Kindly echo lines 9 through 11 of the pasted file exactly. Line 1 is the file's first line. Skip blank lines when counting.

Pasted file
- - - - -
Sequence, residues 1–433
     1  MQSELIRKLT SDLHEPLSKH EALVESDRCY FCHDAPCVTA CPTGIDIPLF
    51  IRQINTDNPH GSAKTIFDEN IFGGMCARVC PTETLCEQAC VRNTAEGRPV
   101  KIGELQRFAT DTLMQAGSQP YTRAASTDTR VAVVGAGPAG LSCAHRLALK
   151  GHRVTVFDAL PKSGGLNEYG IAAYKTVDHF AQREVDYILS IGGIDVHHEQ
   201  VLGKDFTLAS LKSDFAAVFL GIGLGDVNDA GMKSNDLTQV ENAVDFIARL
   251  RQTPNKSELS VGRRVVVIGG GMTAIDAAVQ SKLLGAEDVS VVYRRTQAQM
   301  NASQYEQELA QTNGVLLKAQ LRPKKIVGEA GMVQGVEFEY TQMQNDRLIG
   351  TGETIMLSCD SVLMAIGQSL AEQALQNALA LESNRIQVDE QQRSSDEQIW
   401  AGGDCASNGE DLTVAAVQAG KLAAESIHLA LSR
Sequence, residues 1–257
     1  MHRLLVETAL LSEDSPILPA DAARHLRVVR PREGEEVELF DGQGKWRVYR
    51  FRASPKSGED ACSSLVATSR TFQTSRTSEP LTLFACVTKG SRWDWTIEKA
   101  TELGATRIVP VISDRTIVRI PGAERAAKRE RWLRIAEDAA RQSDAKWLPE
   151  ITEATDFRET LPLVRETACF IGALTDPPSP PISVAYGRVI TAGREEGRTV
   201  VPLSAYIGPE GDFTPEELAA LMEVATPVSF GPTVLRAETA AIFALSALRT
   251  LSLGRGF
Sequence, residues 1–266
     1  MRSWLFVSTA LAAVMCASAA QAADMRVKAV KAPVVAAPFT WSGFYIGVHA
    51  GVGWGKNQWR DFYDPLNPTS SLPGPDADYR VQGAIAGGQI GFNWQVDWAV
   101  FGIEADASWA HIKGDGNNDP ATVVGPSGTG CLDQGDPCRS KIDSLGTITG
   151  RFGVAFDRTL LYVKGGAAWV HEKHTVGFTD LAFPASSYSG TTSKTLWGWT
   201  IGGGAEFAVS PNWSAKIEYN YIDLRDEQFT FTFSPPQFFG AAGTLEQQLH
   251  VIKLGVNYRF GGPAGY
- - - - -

   351  TGETIMLSCD SVLMAIGQSL AEQALQNALA LESNRIQVDE QQRSSDEQIW
   401  AGGDCASNGE DLTVAAVQAG KLAAESIHLA LSR
Sequence, residues 1–257